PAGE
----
Why 2030 is a bridge too near for Australian politicians

There’s a reason why 2050 is such an attractive target for the Morrison government’s climate plans: none of them will be around to be held accountable.

Scott Morrison will be 82 in 2050, and likely long gone from politics. Barnaby Joyce will be 83 — if he makes it that far, something his complexion and lifestyle would suggest is an open question. Angus Taylor will be 84. Matt Canavan will only be 69, so he may still be adorning the Senate and dressing up as a fake tradie at mid-century. But Keith Pitt will be 81, and Bridget McKenzie will be 80 — her days of pork-barrelling marginal seats well behind her.

They’ll all be enjoying comfortable retirements, perhaps funded by the shareholders of the mining and fossil fuel companies whose boards they may join after public life is over. They’ll be safe from any electoral retribution as Australia succumbs to bushfires, droughts and ever more extreme weather driven by the accelerating global warming they helped enable.

Perhaps they’ll pen the odd op-ed for The Australian — run by 79-year-old Lachlan Murdoch or his sprightly 119-year-old pop — insisting that the devastation inflicted on Australia by global heating is entirely due to natural factors, or that Australia contributed just 1% of the problem, or that no one could have foreseen the damage that would result.

In contrast, 2030 is just three elections away, and one of those is almost due. It’s closer now than the financial crisis is to us; more than a third of the MPs elected eight years ago in the 2013 election remain in Parliament now despite the turnover of prime ministers.

If Scott Morrison harbours Howard-like hopes, he might expect to still be PM in 2030. Certainly, Peter Dutton or Josh Frydenberg, both of whom hope to replace Morrison in the top job, might be thinking they’ll be in the Lodge by then.

And for the large fossil fuel companies that dictate climate policy to the Coalition, 2030 isn’t long-term: major projects decided on now will be hitting their stride in 2030. Santos’ huge investment in the highly emissions-intensive Barossa gas field won’t see any gas piped onshore until 2025; coal-fired power companies are examining the timetables for the shutdown of their plants in the 2030s already.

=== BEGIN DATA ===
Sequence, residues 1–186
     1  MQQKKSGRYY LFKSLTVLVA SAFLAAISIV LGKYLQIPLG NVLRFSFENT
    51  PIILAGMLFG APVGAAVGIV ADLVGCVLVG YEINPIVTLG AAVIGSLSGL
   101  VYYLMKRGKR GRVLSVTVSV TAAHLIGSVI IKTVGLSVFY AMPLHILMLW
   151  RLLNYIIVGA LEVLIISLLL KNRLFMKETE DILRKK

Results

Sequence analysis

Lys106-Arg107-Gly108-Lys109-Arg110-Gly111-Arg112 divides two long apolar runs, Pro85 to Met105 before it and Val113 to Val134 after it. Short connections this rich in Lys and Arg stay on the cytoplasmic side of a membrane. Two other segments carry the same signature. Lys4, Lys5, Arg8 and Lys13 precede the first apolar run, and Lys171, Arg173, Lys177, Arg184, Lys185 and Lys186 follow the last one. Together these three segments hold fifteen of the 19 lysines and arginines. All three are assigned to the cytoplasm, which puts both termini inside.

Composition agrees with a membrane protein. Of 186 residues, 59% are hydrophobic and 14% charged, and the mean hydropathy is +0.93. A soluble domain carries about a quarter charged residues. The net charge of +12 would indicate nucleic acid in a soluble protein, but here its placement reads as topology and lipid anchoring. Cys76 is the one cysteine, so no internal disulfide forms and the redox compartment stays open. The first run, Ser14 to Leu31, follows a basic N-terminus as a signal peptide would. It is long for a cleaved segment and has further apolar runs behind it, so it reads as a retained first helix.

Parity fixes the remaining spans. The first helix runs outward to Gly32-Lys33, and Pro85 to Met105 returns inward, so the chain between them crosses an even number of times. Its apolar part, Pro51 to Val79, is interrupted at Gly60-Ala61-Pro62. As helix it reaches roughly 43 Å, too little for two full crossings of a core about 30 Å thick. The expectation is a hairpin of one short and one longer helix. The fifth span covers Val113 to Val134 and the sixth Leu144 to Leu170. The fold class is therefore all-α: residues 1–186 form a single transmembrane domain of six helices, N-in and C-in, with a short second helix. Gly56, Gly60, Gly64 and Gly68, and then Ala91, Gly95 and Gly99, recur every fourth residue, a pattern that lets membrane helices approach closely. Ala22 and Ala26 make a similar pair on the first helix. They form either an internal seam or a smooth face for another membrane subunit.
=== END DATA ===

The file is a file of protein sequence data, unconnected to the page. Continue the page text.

That’s why a vague target 29 years away is infinitely preferable to actual policies that might have impacts in the next nine years, and for which the current generation of ministers may still be around to be criticised over. Of course, that assumes there’ll be a press gallery in 2030, and one with any kind of institutional memory for what happened five minutes before, let alone in the distant past of 2021.

What might result by 2050, however, is something different. The level of voter outrage at the venal irresponsibility of the current generation of political and corporate leaders, who continued to drive fossil fuels long past the point where it was clear what damage would result, might become so great that those who remain of that generation are hauled from their luxurious homes and held to account.

The climate trials of the 2050s — held amid acrid bushfire smoke on a 50 degree day in Sydney or Melbourne — might provide at least some justice, if little comfort to our children and grandchildren whom we’ve betrayed.

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Peter Fray

Peter Fray
Editor-in-chief of Crikey

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